Italian Senate OKs Berlusconi's New Govt.

Premier Silvio Berlusconi's (search) new government won approval from the Italian Senate on Thursday, ending a government crisis that followed an embarrassing defeat in regional elections.

The confidence vote in the Senate (search) — won 170-117 by the premier's conservative coalition — was the last hurdle before the new Cabinet was fully empowered. It came after Berlusconi briefly resigned to reshuffle his government last week in a bid to end bickering among his allies.

In a 30-minute address to the Senate before the vote, Berlusconi vowed to carry out an economic platform that includes tax cuts for businesses and a new push to lift Italy's poorer south.

The lower house of parliament approved the government on Wednesday.

With elections just a year away, Berlusconi, a staunch U.S. supporter, still faces economic problems and fallout from the mistaken shooting death of an Italian intelligence agent by American forces in Iraq last month.

The March 4 killing of intelligence agent Nicola Calipari (search) at a U.S. checkpoint on Baghdad's airport road led to increased calls to bring home Italy's 3,000 troops from Iraq.

Calipari, who had just helped free kidnapped journalist Giuliana Sgrena, became a hero in Italy, where people strongly opposed the war in Iraq. Sgrena and another Italian agent who was driving the car survived the shooting.

Berlusconi did not mention the shooting in the Senate speech, but spoke extensively about the economy. He blamed much of Italy's economic woes on global trends and called on the European Central Bank to revise its monetary policy.

"The solution does not depend on a national government — it concerns the European Central Bank," he said. He took the bank to task for focusing on inflation and not doing enough to keep the value of the euro down — thus damaging European exports.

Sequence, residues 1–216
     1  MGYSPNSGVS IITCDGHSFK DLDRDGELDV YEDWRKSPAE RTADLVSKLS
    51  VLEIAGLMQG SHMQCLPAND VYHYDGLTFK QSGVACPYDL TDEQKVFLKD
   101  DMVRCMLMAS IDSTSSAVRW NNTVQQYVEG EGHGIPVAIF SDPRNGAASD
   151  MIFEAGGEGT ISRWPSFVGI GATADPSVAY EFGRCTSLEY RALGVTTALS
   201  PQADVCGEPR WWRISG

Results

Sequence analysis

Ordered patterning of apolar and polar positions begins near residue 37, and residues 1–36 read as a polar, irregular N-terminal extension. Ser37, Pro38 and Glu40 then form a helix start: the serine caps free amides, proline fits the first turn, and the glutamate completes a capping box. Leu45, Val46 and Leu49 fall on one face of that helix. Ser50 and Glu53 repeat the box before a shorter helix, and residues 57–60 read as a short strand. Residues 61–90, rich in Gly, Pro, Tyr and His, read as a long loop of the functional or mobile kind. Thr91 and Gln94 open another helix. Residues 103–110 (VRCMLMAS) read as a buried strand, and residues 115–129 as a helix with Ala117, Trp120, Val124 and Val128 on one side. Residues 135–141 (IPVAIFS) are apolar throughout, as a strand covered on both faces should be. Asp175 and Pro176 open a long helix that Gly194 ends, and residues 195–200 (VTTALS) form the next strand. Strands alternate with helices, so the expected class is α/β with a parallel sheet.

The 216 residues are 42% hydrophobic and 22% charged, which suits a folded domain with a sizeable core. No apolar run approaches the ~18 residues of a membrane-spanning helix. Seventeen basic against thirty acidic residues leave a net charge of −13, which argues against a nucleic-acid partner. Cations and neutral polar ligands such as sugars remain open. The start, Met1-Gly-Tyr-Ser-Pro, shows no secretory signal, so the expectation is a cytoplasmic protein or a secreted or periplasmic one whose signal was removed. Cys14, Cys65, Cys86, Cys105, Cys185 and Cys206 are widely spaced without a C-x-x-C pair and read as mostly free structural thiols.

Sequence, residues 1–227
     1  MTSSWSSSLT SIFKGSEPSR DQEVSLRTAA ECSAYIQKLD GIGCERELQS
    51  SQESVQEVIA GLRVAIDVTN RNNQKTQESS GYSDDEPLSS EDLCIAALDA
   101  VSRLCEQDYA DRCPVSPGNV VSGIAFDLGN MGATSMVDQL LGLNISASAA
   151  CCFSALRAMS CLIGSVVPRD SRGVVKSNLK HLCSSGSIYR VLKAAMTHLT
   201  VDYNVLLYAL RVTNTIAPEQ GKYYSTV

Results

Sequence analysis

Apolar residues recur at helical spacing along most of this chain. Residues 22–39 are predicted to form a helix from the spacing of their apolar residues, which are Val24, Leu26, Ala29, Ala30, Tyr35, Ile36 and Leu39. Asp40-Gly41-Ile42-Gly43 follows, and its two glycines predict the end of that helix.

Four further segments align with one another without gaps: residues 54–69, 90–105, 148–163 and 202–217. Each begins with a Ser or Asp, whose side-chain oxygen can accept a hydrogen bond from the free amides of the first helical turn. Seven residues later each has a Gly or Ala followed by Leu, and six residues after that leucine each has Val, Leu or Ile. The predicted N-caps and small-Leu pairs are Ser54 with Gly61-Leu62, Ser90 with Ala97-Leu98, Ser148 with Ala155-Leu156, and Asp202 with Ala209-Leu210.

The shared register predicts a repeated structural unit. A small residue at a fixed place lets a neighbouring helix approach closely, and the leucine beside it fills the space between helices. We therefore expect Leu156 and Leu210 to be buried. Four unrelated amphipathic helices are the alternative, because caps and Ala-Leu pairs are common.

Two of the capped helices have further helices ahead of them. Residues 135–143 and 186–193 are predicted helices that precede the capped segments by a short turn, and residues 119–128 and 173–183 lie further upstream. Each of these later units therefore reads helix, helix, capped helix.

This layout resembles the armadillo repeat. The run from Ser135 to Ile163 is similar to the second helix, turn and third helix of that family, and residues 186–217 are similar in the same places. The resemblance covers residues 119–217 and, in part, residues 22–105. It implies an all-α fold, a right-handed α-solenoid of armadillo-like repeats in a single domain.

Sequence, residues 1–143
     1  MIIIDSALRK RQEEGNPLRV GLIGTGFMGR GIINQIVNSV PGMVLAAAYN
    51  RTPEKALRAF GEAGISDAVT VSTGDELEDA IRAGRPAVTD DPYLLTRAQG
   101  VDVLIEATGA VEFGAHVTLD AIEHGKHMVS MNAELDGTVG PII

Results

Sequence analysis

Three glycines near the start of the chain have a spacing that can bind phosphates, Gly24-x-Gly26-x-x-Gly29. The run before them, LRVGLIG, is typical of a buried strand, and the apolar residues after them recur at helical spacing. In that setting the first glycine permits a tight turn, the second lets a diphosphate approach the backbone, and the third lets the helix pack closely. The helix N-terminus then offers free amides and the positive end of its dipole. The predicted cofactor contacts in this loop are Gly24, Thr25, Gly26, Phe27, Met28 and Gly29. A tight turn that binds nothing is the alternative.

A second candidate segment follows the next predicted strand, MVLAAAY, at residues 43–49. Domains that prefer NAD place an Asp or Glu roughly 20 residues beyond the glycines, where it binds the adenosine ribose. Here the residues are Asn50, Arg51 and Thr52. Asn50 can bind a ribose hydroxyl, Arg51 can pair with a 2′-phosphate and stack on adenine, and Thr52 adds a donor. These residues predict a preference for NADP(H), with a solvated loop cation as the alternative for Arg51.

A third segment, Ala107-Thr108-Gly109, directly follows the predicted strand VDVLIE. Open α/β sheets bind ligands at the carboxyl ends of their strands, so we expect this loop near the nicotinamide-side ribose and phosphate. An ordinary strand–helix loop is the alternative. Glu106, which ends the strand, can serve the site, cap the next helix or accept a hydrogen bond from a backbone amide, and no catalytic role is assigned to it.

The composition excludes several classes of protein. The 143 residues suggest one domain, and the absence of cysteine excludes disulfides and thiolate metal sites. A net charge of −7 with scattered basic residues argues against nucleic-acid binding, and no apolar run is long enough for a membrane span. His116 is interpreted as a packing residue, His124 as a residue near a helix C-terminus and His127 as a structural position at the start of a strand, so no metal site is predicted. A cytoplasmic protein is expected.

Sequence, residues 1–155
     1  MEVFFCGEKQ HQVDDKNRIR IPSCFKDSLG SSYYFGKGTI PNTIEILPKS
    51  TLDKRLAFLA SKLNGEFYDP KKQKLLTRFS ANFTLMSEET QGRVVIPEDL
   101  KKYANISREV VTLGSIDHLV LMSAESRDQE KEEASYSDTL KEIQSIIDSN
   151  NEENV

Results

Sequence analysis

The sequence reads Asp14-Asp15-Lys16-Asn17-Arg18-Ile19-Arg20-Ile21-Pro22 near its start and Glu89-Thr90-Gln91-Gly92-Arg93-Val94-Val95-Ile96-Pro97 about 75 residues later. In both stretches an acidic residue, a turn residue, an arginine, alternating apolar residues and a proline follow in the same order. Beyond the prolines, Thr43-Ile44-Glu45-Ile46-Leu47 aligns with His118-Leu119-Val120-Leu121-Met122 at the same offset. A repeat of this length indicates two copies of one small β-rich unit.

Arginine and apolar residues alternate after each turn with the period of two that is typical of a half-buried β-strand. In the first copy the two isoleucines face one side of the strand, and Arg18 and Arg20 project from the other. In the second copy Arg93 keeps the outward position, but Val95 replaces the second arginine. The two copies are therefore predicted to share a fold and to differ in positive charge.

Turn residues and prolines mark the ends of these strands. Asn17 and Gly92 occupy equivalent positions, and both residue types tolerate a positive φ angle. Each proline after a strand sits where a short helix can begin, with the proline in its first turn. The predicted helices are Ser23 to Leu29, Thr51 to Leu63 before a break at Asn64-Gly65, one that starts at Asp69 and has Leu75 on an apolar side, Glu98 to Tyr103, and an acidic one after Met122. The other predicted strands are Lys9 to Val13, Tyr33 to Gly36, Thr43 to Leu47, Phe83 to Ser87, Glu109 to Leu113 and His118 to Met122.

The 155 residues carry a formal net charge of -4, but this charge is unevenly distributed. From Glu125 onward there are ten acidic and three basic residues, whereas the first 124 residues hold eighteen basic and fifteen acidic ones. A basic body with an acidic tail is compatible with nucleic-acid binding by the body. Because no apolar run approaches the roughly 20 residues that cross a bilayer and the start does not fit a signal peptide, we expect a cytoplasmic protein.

The bank's policy is "destructive for the competitiveness of all companies in Europe," said the premier.

Berlusconi has said he intends to lead Italy until elections in mid-2006.

He has faced opposition attacks over Italy's faltering economic growth and its fiscal deficit. The government has forecast 2.1 percent growth for this year, but it is expected to lower the figure soon.

The premier has put his government's prestige on the line with assurances to the nation that full light would be shed on Calipari's death. Any public finding seen to absolve the U.S. soldiers would likely undermine his credibility.

Both sides said this week they were still working on the final report of a U.S.-Italian investigation into the shooting. Italian and U.S. officials attached to the coalition force in Baghdad were trying to negotiate a document that could resolve the impasse, U.S. officials said.

On Wednesday, Berlusconi made a combative address in the lower house of parliament, where he pledged to boost the economy, accused the left of spreading pessimism and appealed to businesses' sense of patriotism by urging them to invest more in Italy.

When Berlusconi reluctantly resigned as premier last week, he ended Italy's longest-serving postwar government after four years. He swiftly formed a new Cabinet, hoping the reshuffle will stop bickering that threatened to blow apart his coalition.